Wisdom comes from expeience,
And the Truly Wise,
Learns from other's experience.
The Butcher, the Baker, the Candlestick Maker.
In small, isolated villages of Early America there often was one man to fill all those jobs. He was the Mayor, the Sheriff, the Dentist, the Vet, the News Reporter, and even served as the local Lawyer, and Judge.
No one voted him in, nor did they question his authority, nor did they try for his job.
Now, how can this be? And who was this Superman?
He was the town's Mercantile (storekeeper to you and me).
He was educated to one degree or another, owned his own business, and what is more important -- he understood finances and provided the supplies everyone desperately needed.
And he was trusted, though perhaps not always so trust-worthy.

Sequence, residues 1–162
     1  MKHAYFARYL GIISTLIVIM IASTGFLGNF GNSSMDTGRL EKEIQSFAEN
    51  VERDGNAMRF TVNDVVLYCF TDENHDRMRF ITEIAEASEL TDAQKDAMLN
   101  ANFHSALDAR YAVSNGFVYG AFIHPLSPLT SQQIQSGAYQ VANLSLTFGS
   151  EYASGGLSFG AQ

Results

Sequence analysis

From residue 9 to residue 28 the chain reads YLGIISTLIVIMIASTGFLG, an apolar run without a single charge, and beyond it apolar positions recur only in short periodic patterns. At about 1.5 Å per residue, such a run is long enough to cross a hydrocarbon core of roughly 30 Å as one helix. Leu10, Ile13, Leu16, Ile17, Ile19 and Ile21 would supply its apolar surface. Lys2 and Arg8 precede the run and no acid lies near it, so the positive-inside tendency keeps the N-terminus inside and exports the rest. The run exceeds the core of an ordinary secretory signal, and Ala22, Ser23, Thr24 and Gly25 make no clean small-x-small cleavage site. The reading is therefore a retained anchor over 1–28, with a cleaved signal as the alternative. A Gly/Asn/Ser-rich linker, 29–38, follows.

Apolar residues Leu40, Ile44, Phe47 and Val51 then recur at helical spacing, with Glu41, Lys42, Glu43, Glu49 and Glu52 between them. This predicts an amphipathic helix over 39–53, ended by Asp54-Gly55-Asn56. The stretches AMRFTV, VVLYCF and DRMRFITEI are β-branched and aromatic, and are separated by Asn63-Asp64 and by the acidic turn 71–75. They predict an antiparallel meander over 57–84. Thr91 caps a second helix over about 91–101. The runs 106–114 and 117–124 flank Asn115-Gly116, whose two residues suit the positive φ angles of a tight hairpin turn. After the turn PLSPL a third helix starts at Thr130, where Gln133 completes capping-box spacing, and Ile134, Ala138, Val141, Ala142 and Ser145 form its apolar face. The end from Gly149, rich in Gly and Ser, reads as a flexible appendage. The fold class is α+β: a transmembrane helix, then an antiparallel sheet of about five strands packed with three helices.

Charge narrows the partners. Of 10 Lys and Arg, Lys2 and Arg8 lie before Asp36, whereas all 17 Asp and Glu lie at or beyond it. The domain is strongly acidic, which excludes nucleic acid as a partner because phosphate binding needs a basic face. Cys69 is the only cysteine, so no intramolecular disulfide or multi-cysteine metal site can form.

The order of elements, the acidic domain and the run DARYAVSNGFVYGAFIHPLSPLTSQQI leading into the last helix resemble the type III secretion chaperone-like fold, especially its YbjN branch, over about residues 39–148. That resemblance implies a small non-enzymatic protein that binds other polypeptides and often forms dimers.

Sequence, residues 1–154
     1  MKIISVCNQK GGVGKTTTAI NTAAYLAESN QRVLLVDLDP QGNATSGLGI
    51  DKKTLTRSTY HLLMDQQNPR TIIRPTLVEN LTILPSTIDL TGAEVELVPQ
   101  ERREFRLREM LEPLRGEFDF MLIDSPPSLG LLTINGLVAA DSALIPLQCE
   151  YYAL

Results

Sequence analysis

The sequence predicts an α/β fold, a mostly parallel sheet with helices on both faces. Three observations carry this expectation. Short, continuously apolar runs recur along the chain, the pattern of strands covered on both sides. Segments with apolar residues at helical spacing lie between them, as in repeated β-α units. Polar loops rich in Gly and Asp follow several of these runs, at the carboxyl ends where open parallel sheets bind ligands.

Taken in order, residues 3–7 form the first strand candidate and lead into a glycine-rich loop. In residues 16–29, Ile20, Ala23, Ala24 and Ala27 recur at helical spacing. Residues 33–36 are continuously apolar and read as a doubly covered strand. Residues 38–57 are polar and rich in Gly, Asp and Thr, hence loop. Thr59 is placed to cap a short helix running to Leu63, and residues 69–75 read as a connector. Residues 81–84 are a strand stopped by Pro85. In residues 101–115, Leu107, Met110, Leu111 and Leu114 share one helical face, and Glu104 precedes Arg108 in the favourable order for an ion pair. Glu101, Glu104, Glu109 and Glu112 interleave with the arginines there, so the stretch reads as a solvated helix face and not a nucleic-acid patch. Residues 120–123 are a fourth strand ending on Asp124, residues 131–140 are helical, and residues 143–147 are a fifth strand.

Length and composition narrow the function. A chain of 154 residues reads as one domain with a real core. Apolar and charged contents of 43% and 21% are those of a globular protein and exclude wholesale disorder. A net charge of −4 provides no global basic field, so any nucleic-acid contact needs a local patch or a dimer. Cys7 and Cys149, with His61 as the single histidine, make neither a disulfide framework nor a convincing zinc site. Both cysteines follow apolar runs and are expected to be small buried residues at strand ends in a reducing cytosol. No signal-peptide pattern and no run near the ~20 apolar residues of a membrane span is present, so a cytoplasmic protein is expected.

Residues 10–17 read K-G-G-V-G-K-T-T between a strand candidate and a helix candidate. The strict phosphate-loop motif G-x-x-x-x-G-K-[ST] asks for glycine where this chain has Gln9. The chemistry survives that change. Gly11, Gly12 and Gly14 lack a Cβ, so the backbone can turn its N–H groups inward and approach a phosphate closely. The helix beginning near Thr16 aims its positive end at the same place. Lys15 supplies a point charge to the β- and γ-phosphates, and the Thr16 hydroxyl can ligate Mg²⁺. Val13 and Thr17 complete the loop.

He also bought and sold what the locals (usually uneducated) produced.
The Mercantile was the center of activity.
This is still much the case in Tumbleweed.
In the center of the Tumbleweed Mercantile sets a pot-bellied stove, and around that stove stands or sits the Elders of the town -- the Wisdom of Tumbleweed.
And in the center of this group sits two of the most respected men, playing a game of checkers.
"Game" is a misnomer.
In hunting, "Game" is dead.
In sports, "Game" is war.
On a table "Game" means there is a loser.
When anyone seeks advice, it is to the Checkerboard they go. There they can, and will receive all the advice they can handle. Every conceivable opinion is expressed.
All the Seeker of Knowledge has to do is filter all that information in their own mind, and supply their own conclusion.